Stimm also takes his motifs from his immediate vicinity. He has long since noticed that nature has always been with us as a measure or system of reference, and that art has been referring to it in different ways for centuries. The degree of meaning and the associated pathos is enormous in relation to the different conceptions of nature. How can one dissolve this pathos and see things without prejudice, understand them as something of one’s own and something that comes from life? How can one throw off the ballast of cultural history? By persistently sticking to seemingly casual motifs as an artist, questioning them again and again, and bringing them into different forms, positioning them differently to one another and thus arriving at a narrative that can possibly become part of an overall concept.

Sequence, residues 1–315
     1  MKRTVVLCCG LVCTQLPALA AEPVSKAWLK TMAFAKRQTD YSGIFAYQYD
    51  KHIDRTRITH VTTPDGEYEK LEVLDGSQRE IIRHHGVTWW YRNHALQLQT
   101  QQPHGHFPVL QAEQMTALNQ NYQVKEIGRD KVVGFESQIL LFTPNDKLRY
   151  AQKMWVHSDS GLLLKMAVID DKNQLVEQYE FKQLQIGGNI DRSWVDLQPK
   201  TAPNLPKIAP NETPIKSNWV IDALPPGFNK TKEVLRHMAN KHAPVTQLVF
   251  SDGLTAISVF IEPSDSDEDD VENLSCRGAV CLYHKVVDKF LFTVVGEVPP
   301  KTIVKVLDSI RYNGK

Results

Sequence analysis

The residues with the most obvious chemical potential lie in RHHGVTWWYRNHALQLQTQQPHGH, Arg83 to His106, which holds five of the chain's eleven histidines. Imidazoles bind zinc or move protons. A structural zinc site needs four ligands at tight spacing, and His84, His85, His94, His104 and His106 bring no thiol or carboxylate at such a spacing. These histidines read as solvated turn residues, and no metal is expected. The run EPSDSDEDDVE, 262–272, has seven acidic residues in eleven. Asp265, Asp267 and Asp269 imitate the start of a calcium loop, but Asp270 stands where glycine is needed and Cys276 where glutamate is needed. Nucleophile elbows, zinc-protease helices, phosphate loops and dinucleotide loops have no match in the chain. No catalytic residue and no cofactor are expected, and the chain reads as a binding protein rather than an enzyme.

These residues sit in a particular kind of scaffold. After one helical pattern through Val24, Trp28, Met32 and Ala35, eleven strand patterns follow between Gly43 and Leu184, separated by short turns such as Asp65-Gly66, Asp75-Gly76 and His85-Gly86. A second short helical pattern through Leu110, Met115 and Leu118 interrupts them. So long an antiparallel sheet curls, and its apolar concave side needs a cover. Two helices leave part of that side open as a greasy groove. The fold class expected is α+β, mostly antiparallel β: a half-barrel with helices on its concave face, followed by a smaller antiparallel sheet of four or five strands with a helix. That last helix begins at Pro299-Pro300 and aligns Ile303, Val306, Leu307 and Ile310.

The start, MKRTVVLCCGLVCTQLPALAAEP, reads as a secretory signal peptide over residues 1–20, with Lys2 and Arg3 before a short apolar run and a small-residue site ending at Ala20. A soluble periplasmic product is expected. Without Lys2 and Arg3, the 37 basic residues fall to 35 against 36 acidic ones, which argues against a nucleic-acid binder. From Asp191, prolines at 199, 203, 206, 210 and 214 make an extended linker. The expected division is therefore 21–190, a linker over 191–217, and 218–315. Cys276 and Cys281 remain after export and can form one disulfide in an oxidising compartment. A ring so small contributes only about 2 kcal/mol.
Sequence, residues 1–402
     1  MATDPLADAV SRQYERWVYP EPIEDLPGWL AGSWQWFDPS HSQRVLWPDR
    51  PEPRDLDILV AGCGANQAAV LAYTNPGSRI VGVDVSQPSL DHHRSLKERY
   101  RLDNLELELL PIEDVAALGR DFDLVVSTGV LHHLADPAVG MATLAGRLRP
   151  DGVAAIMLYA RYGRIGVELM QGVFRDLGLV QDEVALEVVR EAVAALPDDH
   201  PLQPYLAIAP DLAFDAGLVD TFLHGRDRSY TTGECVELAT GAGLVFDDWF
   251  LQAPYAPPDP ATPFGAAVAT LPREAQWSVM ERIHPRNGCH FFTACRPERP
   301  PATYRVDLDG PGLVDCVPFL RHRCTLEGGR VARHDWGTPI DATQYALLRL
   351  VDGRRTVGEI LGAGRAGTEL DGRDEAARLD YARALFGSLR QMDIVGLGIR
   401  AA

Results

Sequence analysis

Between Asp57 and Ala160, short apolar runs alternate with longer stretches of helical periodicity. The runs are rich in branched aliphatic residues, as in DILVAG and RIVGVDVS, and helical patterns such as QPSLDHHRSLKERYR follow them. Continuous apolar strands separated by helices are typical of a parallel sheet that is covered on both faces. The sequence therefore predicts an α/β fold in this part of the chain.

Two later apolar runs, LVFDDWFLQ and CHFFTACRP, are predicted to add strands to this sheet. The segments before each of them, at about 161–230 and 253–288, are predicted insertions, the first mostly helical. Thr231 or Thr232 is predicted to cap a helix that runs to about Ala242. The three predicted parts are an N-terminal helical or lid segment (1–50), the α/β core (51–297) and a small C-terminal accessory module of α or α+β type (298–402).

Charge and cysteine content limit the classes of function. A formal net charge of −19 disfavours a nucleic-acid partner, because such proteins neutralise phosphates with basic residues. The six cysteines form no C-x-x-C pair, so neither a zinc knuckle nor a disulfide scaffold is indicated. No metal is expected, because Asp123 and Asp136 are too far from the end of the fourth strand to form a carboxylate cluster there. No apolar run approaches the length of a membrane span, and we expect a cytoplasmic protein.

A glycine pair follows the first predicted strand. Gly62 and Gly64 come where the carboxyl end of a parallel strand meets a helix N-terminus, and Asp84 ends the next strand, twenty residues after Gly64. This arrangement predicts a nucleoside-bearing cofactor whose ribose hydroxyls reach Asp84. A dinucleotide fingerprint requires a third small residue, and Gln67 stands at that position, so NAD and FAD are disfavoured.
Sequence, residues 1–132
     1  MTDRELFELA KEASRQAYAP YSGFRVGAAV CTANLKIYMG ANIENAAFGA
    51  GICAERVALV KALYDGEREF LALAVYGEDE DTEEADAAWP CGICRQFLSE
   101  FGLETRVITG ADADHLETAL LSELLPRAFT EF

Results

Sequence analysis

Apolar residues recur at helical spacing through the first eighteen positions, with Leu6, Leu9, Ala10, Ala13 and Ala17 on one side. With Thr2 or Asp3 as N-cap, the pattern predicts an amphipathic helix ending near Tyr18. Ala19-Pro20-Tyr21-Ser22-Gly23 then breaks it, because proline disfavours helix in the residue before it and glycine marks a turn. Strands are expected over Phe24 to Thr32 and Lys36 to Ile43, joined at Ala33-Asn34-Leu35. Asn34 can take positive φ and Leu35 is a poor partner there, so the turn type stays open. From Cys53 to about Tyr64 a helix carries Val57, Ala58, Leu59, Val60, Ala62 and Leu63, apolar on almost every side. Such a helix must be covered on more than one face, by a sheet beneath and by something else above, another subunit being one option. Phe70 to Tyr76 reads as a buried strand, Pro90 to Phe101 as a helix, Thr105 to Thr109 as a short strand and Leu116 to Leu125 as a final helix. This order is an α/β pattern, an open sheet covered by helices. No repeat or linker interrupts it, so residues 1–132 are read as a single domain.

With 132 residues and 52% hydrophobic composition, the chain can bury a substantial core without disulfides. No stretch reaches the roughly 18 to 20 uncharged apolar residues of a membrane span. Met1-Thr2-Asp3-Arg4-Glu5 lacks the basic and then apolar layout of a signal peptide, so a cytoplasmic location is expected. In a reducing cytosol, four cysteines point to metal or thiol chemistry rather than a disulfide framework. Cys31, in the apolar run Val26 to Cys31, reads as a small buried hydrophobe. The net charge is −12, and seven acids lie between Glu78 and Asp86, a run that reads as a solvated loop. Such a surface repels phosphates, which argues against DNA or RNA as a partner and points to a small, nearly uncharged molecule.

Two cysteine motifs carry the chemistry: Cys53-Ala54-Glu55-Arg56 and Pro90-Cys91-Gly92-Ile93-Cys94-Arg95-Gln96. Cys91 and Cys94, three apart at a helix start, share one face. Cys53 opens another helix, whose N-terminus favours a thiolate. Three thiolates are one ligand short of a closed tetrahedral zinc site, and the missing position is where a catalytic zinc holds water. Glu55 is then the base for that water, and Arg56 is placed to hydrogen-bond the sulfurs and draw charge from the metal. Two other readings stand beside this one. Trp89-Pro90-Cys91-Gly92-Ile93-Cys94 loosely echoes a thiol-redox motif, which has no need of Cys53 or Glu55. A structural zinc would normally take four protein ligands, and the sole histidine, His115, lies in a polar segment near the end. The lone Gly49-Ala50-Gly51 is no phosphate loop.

Perhaps the consideration of the comic can help here. Stimm was enthusiastic about comics from an early age. For him, they start where art ends. Ultimately, they create an independently functioning cosmos with its own laws and with a completely different perception of reality. Suddenly, animals can walk, speak and perform actions like humans. We experience something similar with inanimate objects. Fruits, flowers or mushrooms can often have human characteristics in comics and behave like humans. In principle, Stimm also sees his plants as living beings, which they are, but with expanded possibilities. The flowers and fruits are deprived of their own dimensions and adjusted to human proportions. This gives them more life of their own and their new properties are more visible. Suddenly you seem to be communicating not only with the audience, but also with each other. They stand or lie together in groups, building up a kind of intimacy with one another. Daisies stand together in a group and make one think of the “The Burghers of Calais”. As an association, the famous group of sculptures, by Rodin, brings the history of modern sculpture into play and thus transforms parts of the narrative into questions inherent in art. For Stimm, art is a means of communication, of asking questions in general, so it is not surprising that he strains this element in multiple ways. Apparently, this type of communication works better with everyday objects that have already built up a certain narrative or cultural connotation in each of us, but have still mostly been spared any general pathos.